AMSTERDAM — Liberal Party MP Ayaan Hirsi Ali has been ordered to vacate the high-security home she is renting in The Hague within four months.
An appeal court sided with her neighbours who complained her presence put their own safety at risk and caused disruption to their lives. Justice Minister Piet Hein Donner broke the news of the court decision at an EU meeting in Luxembourg on Thursday.
Somali-born Hirsi Ali is known as a critic of aspects of Islam and she went into hiding in November 2004 when filmmaker Theo van Gogh was murdered. They had finished work shortly before his murder on Submission, a short film about the ill-treatment of women under Islam.
Hirsi Ali and fellow MP Geert Wilders spent several months in hiding in secret locations due to death threats made against them because of their stance on Islam. “I think this is dreadful, horrible to have to move. I am happy living here and I feel safe,” Hirsi Ali said in response to the judgement.
The neighbours lost their case initially but they won on Thursday when an appeal court accepted Hirsi Ali’s presence meant they no longer felt safe in their own apartments or in the communal areas of the complex. The court ruled that is contravened Article 8 of the European Convention of Human Rights which guarantees respect for a person’s private and family life.
The Dutch State had contravened these rights by moving to the apartment complex without seeking their consent and without taking measures to diminish the neighbours’ valid fears, the court said.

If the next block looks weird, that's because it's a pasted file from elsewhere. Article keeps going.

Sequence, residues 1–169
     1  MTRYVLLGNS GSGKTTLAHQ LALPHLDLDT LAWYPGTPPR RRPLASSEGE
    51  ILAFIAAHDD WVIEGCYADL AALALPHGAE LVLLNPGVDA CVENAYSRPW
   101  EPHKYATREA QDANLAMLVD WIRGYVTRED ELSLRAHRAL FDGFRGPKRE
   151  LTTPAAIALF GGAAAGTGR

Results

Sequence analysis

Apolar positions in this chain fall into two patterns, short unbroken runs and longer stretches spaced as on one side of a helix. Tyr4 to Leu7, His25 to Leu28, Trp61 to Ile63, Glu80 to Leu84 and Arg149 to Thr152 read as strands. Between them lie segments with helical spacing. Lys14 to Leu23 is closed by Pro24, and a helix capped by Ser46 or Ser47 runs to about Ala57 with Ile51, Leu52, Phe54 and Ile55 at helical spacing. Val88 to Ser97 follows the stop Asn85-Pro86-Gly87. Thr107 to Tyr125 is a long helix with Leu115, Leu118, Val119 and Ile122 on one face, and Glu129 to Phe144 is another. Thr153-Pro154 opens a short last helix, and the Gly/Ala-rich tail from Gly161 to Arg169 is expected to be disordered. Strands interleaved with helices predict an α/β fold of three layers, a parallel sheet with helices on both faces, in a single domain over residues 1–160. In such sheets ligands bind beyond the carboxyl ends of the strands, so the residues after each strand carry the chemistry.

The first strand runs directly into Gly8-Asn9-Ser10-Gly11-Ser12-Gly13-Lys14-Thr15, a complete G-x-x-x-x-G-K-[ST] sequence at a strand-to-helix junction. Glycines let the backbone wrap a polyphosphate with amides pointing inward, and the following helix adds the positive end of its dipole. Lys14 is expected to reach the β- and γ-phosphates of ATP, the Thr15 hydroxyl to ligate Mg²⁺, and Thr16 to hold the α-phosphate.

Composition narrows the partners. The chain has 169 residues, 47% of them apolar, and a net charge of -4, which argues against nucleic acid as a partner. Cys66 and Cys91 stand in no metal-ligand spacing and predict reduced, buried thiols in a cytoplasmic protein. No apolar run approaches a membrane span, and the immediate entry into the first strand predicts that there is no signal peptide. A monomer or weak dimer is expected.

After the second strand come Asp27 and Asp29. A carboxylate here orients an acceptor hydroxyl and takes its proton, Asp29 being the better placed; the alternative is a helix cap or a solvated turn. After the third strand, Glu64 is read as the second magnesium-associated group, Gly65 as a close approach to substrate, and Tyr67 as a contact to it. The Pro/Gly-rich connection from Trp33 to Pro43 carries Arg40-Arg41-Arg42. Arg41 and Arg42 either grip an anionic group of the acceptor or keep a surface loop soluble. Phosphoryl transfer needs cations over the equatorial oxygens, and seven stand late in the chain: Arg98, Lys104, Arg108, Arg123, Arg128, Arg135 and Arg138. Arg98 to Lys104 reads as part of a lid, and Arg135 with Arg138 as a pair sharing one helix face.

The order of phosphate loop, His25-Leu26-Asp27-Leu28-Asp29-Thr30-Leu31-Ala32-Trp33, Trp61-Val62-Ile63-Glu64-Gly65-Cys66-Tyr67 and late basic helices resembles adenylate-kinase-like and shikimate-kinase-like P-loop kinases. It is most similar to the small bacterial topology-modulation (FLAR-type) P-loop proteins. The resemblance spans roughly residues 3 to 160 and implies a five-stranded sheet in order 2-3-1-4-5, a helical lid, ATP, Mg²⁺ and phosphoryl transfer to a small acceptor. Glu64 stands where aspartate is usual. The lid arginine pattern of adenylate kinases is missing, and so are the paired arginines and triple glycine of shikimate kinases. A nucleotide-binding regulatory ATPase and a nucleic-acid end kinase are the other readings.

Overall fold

A few things. Firstly, it should be noted that Hirsi Ali is now booted out of her own house by virtue of the European Treaty for Human Rights which does indeed supersede Dutch law. Many cases are adjudicated by referring to this treaty, but given the subject matter here I would say: Euroskeptics, go knock yourselves out.
The State may appeal this ruling, in which case it will go to the Dutch Supreme Court. The potential of a ruling that will favor Hirsi Ali and is able to address the upset neighbors may turn out to become a costly adventure for Dutch authorities as it is not just about one outspoken member of parliament. Beyond a number of politicians there is a growing constituency of writers, artists and cartoonists who may rightfully claim government protection. And in most cases their neighbors are equally likely to take a less than charitable view of their right to exercise free speech. This is once more evidence of how Europeans fail to understand the bigger picture and are more than willing to let some short term comfort prevail over the long term survival of core values that built their societies in the first place.
So there are no winners here. The neighborhood is unmasked as a group whose shallow self interest is paramount, the State may have made a few mistakes and will have to spend yet more on security and Ayaan, well, she remains the hunted one. It seems that those responsible for threatening her will have the last laugh.
Let’s hope not.
Hat tip: Blogs For Bush
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